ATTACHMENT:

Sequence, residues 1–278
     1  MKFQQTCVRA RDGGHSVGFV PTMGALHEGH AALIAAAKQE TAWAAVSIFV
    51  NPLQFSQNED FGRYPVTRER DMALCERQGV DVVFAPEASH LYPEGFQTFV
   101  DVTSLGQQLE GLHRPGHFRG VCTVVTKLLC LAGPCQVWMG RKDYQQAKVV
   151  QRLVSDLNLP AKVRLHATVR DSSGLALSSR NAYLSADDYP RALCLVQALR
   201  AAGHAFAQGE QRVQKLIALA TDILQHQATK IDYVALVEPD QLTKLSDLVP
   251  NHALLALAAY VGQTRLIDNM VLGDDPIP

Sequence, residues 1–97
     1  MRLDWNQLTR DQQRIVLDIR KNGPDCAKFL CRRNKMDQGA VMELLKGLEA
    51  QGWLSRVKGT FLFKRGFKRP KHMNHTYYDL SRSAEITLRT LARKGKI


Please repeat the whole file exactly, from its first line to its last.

Sequence, residues 1–278
     1  MKFQQTCVRA RDGGHSVGFV PTMGALHEGH AALIAAAKQE TAWAAVSIFV
    51  NPLQFSQNED FGRYPVTRER DMALCERQGV DVVFAPEASH LYPEGFQTFV
   101  DVTSLGQQLE GLHRPGHFRG VCTVVTKLLC LAGPCQVWMG RKDYQQAKVV
   151  QRLVSDLNLP AKVRLHATVR DSSGLALSSR NAYLSADDYP RALCLVQALR
   201  AAGHAFAQGE QRVQKLIALA TDILQHQATK IDYVALVEPD QLTKLSDLVP
   251  NHALLALAAY VGQTRLIDNM VLGDDPIP

Sequence, residues 1–97
     1  MRLDWNQLTR DQQRIVLDIR KNGPDCAKFL CRRNKMDQGA VMELLKGLEA
    51  QGWLSRVKGT FLFKRGFKRP KHMNHTYYDL SRSAEITLRT LARKGKI